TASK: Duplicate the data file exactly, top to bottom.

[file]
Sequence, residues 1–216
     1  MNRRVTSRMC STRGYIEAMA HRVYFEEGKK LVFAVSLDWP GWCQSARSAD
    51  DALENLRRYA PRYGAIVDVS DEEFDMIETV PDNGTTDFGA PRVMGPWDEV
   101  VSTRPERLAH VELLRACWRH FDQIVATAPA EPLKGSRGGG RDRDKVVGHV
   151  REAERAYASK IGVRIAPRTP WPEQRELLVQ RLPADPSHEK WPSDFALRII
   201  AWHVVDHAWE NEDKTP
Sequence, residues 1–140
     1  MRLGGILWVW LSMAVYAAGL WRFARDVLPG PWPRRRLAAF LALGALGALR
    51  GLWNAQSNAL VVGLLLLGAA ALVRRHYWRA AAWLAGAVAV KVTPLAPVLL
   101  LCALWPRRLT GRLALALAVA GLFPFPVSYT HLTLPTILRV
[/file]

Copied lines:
Sequence, residues 1–216
     1  MNRRVTSRMC STRGYIEAMA HRVYFEEGKK LVFAVSLDWP GWCQSARSAD
    51  DALENLRRYA PRYGAIVDVS DEEFDMIETV PDNGTTDFGA PRVMGPWDEV
   101  VSTRPERLAH VELLRACWRH FDQIVATAPA EPLKGSRGGG RDRDKVVGHV
   151  REAERAYASK IGVRIAPRTP WPEQRELLVQ RLPADPSHEK WPSDFALRII
   201  AWHVVDHAWE NEDKTP
Sequence, residues 1–140
     1  MRLGGILWVW LSMAVYAAGL WRFARDVLPG PWPRRRLAAF LALGALGALR
    51  GLWNAQSNAL VVGLLLLGAA ALVRRHYWRA AAWLAGAVAV KVTPLAPVLL
   101  LCALWPRRLT GRLALALAVA GLFPFPVSYT HLTLPTILRV